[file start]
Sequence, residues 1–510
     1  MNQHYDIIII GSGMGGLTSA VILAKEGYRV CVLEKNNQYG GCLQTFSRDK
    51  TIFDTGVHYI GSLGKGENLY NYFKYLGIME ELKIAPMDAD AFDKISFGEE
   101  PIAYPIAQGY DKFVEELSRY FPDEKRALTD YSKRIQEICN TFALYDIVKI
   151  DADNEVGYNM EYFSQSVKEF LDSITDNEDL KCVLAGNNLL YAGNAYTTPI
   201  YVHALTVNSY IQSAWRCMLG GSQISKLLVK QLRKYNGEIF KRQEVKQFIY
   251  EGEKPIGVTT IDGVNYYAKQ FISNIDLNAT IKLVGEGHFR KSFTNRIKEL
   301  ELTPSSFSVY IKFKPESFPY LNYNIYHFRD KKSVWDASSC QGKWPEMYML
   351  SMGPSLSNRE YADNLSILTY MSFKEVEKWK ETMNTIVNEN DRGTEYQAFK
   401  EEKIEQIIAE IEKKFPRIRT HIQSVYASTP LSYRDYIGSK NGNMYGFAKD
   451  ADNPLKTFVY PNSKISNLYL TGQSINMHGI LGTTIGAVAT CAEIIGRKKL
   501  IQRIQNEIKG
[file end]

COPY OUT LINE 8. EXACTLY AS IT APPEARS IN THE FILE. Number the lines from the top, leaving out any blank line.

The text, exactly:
   301  ELTPSSFSVY IKFKPESFPY LNYNIYHFRD KKSVWDASSC QGKWPEMYML